Tuesday, April 19, 2011

Jasper Johns: 0-9 for kids

I am finding that children work in abstraction very comfortably. When we try to make things look "real" they immediately start fretting over how theirs doesn't look "real" and anxiety and tears are common. (Especially if you have the wrong art teacher). They love being freed of making it real, and love being told to only think about colors, shapes, and how they feel.

My goal is to get them very comfortable in abstraction and color because I find that if you start with realism first, you can potentially have artists who think about color, shape, and relationships between those things as secondary, if they think about them at all.

For my sons kindergarten class we looked at Jasper Johns' 0-9 series. JJ drew the numbers 0-9 right on top of each other, so that the final result was a bunch of shapes, and the numbers became secondary. Then he addressed the resulting shapes with color. This seemed exactly the kind of thing that kindergarteners could tackle, and feel confident.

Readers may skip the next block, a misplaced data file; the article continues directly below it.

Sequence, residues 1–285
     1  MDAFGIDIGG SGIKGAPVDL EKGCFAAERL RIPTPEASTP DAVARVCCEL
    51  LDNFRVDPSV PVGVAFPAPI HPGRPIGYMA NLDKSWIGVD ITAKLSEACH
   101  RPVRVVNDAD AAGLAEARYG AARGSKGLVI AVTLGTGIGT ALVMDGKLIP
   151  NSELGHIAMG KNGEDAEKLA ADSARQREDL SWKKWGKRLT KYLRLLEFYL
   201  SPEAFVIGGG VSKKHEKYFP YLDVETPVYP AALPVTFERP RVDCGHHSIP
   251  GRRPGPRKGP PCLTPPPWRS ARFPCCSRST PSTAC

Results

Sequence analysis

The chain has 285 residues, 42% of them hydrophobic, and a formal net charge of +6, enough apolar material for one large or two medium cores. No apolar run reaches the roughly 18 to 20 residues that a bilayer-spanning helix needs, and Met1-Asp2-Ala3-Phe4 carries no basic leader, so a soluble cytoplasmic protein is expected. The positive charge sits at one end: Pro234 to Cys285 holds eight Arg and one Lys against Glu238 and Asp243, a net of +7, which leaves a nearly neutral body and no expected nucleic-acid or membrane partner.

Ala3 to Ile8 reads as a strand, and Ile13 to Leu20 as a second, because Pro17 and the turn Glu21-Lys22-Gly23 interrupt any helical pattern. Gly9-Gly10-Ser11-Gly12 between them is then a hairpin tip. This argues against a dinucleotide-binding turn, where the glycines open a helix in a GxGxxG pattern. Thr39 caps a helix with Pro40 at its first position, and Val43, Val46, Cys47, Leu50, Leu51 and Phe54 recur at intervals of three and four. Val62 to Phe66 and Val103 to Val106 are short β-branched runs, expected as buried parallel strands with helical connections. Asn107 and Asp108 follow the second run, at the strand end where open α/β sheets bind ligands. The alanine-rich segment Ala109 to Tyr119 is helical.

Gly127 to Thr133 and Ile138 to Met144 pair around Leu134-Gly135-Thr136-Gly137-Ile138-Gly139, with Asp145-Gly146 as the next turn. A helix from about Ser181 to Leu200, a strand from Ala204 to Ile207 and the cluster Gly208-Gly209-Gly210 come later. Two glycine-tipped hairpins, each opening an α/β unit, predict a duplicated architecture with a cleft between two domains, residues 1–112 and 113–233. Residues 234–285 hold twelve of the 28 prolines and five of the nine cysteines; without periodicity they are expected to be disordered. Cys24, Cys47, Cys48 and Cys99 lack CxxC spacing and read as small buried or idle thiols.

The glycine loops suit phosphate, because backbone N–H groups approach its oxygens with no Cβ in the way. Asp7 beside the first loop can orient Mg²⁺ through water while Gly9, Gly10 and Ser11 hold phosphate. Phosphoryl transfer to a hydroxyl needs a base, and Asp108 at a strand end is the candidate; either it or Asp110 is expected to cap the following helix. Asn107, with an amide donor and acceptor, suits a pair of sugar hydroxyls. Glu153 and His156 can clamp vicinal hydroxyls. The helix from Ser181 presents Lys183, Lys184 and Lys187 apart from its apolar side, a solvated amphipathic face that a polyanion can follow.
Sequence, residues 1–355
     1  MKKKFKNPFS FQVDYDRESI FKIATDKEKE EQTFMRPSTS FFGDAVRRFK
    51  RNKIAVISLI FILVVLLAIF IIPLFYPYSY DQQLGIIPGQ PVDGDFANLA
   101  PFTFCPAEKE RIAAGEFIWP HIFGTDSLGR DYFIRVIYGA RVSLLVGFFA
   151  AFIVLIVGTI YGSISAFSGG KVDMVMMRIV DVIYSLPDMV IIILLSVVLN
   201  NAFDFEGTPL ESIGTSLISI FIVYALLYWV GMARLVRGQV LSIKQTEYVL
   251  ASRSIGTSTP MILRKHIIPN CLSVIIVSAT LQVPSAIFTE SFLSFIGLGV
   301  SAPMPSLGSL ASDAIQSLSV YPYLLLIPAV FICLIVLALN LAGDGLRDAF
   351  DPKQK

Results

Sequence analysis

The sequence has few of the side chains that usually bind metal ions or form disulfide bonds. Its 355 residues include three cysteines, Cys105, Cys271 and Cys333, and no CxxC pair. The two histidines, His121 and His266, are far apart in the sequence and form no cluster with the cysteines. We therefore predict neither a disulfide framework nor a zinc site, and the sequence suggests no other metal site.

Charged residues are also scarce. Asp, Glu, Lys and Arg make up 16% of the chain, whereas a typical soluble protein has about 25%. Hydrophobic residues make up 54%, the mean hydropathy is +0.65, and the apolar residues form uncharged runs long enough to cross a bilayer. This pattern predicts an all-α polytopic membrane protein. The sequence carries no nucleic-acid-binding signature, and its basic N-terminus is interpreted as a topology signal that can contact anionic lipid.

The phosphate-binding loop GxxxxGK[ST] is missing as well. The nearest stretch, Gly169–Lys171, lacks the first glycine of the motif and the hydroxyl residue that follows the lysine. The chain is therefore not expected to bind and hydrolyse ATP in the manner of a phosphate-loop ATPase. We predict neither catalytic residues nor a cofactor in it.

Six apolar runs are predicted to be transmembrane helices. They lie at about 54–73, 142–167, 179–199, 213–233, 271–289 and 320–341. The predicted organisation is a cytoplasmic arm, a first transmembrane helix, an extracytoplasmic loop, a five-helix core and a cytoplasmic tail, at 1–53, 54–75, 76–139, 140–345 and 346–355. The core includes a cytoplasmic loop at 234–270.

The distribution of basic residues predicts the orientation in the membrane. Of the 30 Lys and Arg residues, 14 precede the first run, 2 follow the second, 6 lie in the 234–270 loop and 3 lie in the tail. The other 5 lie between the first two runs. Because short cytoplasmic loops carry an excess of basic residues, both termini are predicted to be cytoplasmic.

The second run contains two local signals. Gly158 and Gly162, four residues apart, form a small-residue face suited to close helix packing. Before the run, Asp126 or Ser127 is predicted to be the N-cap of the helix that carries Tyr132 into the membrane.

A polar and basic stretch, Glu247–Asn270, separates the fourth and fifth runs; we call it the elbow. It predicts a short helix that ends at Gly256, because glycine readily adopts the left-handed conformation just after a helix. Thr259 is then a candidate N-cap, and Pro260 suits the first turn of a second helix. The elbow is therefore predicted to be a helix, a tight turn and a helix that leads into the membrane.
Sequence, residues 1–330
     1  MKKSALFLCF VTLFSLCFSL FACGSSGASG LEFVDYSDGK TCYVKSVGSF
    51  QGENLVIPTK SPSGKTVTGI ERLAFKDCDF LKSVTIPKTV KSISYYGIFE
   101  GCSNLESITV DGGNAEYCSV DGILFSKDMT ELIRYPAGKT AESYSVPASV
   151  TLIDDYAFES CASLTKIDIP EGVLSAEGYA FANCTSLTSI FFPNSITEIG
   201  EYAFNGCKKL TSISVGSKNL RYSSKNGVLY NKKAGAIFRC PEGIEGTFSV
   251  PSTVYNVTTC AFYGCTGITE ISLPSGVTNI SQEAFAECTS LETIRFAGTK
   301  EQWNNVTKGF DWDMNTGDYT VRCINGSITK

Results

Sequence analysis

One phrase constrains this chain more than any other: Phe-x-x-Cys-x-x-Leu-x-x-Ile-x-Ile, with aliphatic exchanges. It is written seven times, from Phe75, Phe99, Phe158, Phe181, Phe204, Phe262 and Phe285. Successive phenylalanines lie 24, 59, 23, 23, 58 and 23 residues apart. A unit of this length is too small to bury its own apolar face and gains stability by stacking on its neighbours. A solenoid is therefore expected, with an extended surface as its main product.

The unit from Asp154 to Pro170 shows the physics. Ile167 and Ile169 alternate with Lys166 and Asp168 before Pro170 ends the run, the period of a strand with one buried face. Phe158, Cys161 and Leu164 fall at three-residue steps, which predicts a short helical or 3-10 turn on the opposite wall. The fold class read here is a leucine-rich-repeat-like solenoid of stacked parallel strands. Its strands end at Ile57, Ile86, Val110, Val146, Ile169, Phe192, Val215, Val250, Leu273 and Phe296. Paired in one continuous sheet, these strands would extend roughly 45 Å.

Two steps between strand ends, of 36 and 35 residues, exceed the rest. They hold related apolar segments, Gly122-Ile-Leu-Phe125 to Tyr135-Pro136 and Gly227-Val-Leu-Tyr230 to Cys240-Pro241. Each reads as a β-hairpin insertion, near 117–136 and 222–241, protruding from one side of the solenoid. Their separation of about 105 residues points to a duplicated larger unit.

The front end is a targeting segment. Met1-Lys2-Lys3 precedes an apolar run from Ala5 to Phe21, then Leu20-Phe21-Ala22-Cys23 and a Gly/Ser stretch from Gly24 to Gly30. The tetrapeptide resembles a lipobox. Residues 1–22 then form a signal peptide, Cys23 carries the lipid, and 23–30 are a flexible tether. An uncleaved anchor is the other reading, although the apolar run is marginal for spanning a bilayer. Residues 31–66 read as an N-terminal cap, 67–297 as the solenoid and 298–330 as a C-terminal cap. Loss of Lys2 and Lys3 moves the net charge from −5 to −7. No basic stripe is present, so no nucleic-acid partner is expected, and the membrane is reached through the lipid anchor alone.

I also like that this project addresses many things that kindergarteners are learning about - writing numbers for example. Shapes, colors. It's all very curriculum appropriate.

Jasper Johns, 0-9 Series
My son, drawing the numbers right on top of each other. (Pardon the lightness of the photograph).
And colored in the resulting shapes with colored pencils.


John and Becky said...

Will you be my kids art teacher one day? Everything you do with your kids is so amazing and creative.

jodi said...

Have I told you how much I love you? And yes, you should be an art teacher. In all your spare time.

Abbigail said...

Great idea. I will have to "steal" this one.

Anne said...

Genius. And thanks for the art mini-lesson!

Kelsi said...

Pam..... i LOVE LOVE LOVE the little outfit you made for our baby. I looked at it last night and I can't WAIT to put it on her! I will be emailing you for tips once we move on how to make all of your amazingly cute stuff!

megadog said...

That's really neat. I love that idea and I appreciate the mini-art lesson as well.